AP NEWS

Danbury to crack down on massage parlors under proposed law

March 11, 2019

DANBURY - The city hasn’t had a billionaire snagged in a massage parlor scandal. Nor has it had any of its nail salons closed by state investigators for labor abuses.

But Danbury is quietly waging war on human trafficking and the illegal sex trade with a proposed law to crack down on massage parlors city officials say are little more than fronts for brothels.

“The victims here are really the young women and girls who are essentially enslaved by these cartels that bring them in from oversees and make them work to pay off their debts by putting them in these facilities where the conditions are horrible,” said Dan Casagrande, a Danbury attorney who wrote the proposed massage therapy ordinance, with input from police and the health department.

“The solution is not to arrest the women - the solution is to go systemically against the owners,” Casagrande said of the ordinance, which is now under review. “This would give police and the health department substantial regulatory authority to go after the systemic nature of the violations.”

The ordinance is designed to shut down businesses which “offer massage services as a subterfuge for prostitution, masturbation for hire, and other paid sexual contact” by establishing an annual license requiring businesses to comply with everything from criminal background checks to massage therapists being “completely clothed.”

Danbury’s massage and spa therapy ordinance, which took 18 months to research and write, comes at a time of heightened awareness about human trafficking and the exploitation of women in the sex trade.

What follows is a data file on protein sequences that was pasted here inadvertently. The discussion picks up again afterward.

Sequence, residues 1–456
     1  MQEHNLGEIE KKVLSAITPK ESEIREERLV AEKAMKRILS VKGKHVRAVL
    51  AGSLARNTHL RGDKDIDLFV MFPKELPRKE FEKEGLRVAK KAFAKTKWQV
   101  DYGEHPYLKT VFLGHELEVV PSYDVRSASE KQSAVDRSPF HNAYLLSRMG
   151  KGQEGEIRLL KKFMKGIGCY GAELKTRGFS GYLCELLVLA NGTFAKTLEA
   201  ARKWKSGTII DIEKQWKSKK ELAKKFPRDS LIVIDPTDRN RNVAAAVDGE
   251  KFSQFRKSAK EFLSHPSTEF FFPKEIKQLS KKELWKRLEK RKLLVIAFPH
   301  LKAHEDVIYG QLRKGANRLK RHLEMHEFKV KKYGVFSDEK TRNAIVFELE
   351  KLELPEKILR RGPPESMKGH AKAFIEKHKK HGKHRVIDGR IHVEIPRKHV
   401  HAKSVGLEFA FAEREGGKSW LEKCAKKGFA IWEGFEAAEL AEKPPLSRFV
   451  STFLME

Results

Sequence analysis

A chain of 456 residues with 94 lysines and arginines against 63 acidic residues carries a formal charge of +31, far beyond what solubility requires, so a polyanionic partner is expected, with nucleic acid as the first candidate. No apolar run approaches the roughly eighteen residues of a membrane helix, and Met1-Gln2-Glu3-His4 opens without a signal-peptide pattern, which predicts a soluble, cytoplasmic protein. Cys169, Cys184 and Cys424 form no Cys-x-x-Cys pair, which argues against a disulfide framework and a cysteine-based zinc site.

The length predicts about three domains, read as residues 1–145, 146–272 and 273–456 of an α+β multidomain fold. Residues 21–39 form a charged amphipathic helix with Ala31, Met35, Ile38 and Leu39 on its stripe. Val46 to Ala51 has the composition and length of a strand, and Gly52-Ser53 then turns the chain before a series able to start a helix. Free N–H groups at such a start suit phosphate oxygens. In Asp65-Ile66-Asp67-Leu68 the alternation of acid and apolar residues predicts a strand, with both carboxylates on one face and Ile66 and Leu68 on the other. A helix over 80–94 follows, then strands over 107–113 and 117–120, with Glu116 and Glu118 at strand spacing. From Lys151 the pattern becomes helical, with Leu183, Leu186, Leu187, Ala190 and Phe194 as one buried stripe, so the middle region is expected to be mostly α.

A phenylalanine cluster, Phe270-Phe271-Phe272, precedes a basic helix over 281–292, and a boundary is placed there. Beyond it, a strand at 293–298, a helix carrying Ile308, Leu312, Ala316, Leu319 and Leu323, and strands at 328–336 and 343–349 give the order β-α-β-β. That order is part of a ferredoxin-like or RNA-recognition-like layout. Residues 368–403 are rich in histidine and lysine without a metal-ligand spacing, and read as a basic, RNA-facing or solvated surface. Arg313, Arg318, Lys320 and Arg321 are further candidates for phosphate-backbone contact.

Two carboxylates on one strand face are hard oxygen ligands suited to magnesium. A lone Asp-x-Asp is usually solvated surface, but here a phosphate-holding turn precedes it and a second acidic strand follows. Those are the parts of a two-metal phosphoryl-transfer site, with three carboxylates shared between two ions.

The February arrest of billionaire New England Patriots owner Robert Kraft and several hundred other men on charges of soliciting prostitutes at a Florida shopping center massage parlor raised national awareness about the prevalence of sex trafficking in America, which has been estimated as a $3 billion industry.

Similarly, last week’s crack down by state investigators on 24 nail salons for labor abuses has raised concern across Connecticut about workplace exploitation that often targets immigrants.

Although Danbury hasn’t had a high-profile prostitution arrest at a massage parlor in recent years, the police department said it needs better tools to crack down on the illegal sex trade, which authorities say is as prevalent here as in Bridgeport or Stamford.

Part of the problem is police need probable cause to search businesses.

“We have been going into these places with zoning officers to do inspections and discovered that they had unlicensed workers,” said Danbury police Lt. Mark Williams. “This is a huge problem.”

Danbury Mayor Mark Boughton agrees.

“We are going after the wink-and-the-nod storefronts, especially in light of the trafficking that we’ve been seeing,” Boughton said. “It is a problem that we are not going to tolerate in Danbury.”

The lengthy ordinance is packed with restrictions that include a ban on traditional bedroom furniture, such as ordinary beds and mattresses, and a ban on traditional bedroom attire.

The ordinance’s definition of “completely clothed,” for example, includes proper undergarments and clothes that are “entirely nontransparent.”

“It may seem like there is a high level of intrusiveness in this ordinance, but so many people are at risk,” says Laszlo Pinter, Danbury’s deputy corporation counsel. “When you have people being brought in clandestinely, these places become hotbeds of harmful activity.”

rryser@newstimes.com 203-731-3342